HD14 - The Feasibility and Effectiveness of Provisional and Graduated Licensing Strategies as Alternatives to Full Licensing for Young Drivers in Virginia

Executive Summary:
Motor vehicle administrators have long recognized that young drivers, especially 16- and 17-year oIds, are at a very high risk of crash involvement during their first few years of driving. Their inexperience with the driving task and general immaturity can combine to create situations where they do not recognize the potential for a crash and cannot prevent the crash from occurring. The Virginia General Assembly has been addressing the young driver problem for several years, most notably by passing House Bill 2320, a measure that reduced the age for obtaining a learner's permit from 15 years 8 months to 15 years. By obtaining a learner's permit earlier, young drivers will have an increased opportunity to practice driving prior to full licensure. In the same session, the General Assembly passed House Joint Resolution No. 571, which requested that the Department of Motor Vehicles (DMV) study the possibility of reducing young driver crash risk by establishing a provisional or graduated licensing system in Virginia. The DMV requested that the Virginia Transportation Research Council (VTRC) conduct this study.

Over the past 25 years, the young driver problem has been extremely well documented. Nationally, drivers 16 to 19 years old are vastly overrepresented in traffic crashes and have the highest fatality rate per licensed driver. As seen in Figure ES-I, the same holds true for Virginia. Although this group is a serious threat to traffic safety, it is the 16-year-old driver who poses the greatest threat, followed at a distance by 17-year-old drivers. As seen in Figure ES-2, 16-year old drivers also pose a serious threat to their teenage passengers. Nationally, more teenage passengers were killed in vehicles driven by 16-year olds than by any other age group, and more 16-year-old passengers were killed in vehicles driven by 16-year olds than any other age group.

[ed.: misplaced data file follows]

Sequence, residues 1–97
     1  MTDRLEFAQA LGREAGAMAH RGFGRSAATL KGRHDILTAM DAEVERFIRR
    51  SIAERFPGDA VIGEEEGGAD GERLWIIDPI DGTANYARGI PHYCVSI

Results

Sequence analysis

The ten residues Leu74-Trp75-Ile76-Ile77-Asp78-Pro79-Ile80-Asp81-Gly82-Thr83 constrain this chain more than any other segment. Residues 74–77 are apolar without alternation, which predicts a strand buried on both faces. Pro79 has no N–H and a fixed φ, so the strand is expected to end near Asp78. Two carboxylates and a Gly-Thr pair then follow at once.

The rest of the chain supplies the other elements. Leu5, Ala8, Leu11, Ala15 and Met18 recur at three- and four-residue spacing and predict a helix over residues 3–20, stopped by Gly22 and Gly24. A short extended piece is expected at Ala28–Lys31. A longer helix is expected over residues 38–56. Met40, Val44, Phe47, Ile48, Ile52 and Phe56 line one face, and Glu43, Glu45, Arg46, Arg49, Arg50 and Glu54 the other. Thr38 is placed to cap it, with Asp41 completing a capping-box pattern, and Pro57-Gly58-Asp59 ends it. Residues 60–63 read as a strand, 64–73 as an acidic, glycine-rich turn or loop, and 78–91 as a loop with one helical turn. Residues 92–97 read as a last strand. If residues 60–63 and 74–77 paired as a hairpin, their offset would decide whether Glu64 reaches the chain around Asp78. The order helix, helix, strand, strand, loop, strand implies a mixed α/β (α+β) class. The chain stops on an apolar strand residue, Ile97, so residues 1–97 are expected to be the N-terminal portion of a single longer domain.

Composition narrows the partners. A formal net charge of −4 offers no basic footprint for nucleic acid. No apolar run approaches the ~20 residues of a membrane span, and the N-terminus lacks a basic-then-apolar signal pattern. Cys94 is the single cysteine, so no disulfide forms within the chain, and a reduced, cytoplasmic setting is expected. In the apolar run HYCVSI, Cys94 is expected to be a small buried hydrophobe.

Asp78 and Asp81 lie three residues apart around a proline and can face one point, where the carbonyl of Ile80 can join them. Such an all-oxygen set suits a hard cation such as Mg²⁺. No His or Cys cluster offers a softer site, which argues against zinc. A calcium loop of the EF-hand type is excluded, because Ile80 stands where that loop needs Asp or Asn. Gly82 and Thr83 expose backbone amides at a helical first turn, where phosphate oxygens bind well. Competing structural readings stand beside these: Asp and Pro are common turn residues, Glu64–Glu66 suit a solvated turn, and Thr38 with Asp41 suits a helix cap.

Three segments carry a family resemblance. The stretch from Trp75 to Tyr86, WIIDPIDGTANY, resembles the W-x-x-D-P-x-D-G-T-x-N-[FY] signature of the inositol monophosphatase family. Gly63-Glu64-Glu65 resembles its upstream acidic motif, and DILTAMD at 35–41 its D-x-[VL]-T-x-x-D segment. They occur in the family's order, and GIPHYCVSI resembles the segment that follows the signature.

Thus, although the 16- to 19-year-old age group should be targeted for special attention, it is the 16-year-old driver group that is at highest risk. A young driver licensing system should make the first year of licensure as safe as possible by ensuring that young drivers gain experience under safe conditions or by using the license itself as an incentive for conviction- and crash-free driving.

Two types of young driver licensing systems are used in other states and countries: graduated licensing and provisional licensing. Under graduated licensing, young drivers are initially granted partial driving privileges so that they may gain driving experience under conditions of reduced risk. As they gain experience and mature, they are awarded broader privileges until they finally receive a full license. Provisional licensing systems award young drivers a full license but invoke special provisions for early suspension or remediation if they fail to operate their vehicle safely. Thus, with a graduated license program, young drivers earn broader driving privileges as they gain experience, and with a provisional license program, they receive full privileges but can lose their license more easily than adults. Most states with young driver licensing systems have incorporated aspects of both provisional and graduated licensing into their programs.